High bin charges spark rise in dumping
HOUSEHOLDERS are illegally dumping their rubbish in isolated rural spots because they cannot afford to pay for it to be collected.
The Environmental Protection Agency (EPA) said yesterday it had recorded an increase in fly-tipping incidents since the recession took hold, and that dumping was increasing in areas where a pay-by-weight bin collection system was in place.
Customers pay to have their waste collected using two systems. A pay-per-lift system means a charge is levied every time a bin is collected while under the pay-by-weight system bills are calculated on the basis of how much waste is disposed of.
The EPA also said it had received more than 5,500 calls about illegal dumping and fly-tipping since it set up a dedicated phone line in May 2006, with almost 500 in the past four months.
EPA spokesman Jim Moriarty said the countryside was "littered" with illegally dumped waste.
"We've a lot of household waste where two or three bags are being dumped," he said. "It would have gone into bins before but people are now throwing the bags into their car and driving up the Wicklow mountains or other isolated spots.
"You can't be on every corner. The countryside is littered with it. A lot of these cases are subject to on-the-spot fines of €150. Early indications show pay-by- weight areas tend to show increased rates of illegal dumping.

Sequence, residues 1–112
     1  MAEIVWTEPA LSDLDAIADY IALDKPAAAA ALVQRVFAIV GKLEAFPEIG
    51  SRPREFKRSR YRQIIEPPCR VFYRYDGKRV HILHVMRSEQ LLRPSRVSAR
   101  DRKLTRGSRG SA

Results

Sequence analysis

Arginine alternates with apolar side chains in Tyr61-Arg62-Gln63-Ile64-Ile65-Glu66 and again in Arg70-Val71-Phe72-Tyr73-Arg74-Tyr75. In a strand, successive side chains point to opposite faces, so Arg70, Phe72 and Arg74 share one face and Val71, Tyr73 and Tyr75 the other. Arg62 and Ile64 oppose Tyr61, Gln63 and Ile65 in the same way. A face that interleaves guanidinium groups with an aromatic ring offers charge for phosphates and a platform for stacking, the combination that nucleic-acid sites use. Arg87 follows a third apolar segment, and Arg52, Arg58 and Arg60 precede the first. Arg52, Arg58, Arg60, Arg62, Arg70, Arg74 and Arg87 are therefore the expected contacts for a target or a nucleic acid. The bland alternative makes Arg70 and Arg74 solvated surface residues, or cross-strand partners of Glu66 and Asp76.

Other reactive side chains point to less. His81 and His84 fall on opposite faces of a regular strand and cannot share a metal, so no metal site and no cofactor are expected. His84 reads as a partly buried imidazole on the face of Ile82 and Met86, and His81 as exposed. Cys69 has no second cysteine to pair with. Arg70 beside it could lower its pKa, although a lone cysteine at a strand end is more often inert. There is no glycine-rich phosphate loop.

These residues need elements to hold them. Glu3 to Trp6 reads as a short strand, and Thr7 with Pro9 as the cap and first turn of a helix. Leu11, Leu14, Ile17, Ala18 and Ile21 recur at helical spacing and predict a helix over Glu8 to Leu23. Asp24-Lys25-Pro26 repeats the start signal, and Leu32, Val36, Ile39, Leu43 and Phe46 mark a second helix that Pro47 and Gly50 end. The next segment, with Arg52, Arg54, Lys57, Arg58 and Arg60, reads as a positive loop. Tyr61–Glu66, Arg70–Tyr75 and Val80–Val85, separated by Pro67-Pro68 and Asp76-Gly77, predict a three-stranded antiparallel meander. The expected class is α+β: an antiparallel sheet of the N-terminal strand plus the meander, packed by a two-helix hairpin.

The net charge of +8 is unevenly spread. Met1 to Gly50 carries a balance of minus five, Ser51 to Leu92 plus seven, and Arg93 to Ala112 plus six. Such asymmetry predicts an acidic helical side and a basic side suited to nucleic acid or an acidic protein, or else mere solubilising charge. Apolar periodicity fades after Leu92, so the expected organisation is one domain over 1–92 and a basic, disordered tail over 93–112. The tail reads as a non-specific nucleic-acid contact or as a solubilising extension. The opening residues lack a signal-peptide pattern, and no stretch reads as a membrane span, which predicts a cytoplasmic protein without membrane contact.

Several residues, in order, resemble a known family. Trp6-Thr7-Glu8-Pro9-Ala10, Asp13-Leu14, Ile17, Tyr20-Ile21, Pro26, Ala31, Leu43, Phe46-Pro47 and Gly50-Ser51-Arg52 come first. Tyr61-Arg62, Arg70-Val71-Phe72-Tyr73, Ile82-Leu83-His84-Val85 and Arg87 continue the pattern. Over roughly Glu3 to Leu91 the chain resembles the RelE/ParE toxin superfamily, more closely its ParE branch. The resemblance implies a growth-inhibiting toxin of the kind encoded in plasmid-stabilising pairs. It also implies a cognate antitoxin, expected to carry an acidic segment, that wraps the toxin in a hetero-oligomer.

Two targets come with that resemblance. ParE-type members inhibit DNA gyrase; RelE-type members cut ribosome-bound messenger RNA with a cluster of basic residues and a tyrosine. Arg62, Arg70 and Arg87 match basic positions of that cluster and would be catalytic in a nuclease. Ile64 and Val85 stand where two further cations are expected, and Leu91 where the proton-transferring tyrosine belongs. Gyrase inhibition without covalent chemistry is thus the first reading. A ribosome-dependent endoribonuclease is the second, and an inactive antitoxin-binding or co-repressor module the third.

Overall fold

"There are more inspections being done and the capture rate is up. There are 120 waste- enforcement officers across the country, as well as litter inspectors in local authorities."
Major efforts have been made in recent years to crack down on illegal dumping including using helicopters to identify sites and an increase in vehicles being stopped and searched.
Use of covert cameras, CCTV and cameras triggered by vibration are also standard. In 2008, the last year for which figures are available, more than 46,000 waste inspections were carried out, up from 35,000 in 2007.
The same year 8,151 warning notices were sent, and 695 prosecutions taken.
Statistics from the EPA show that of the 5,588 calls made to the illegal dumping hotline, one in four (1,426) were made in Dublin. Wicklow was next with 1,167 followed by Cork (626). The next were Wexford (273), Kildare (272) and Galway (184).
"In Galway, we got a tip that truckloads of waste were being dumped down a lane," Mr Moriarty added. "The operator will be prosecuted in court where they face a fine of up to €3,000 and payment of costs. More serious matters on indictment can result in a fine of €15m and up to 10 years in jail."
The figures also show that half of all calls related to fly-tipping -- where 20 bags of rubbish or less of waste was dumped -- followed by reports of illegal dumping (21pc) where more than 20 bags were dumped. Other offences reported include illegal burning of household waste (10pc), abandoned cars (6pc) and illegal waste collection or transport (6pc).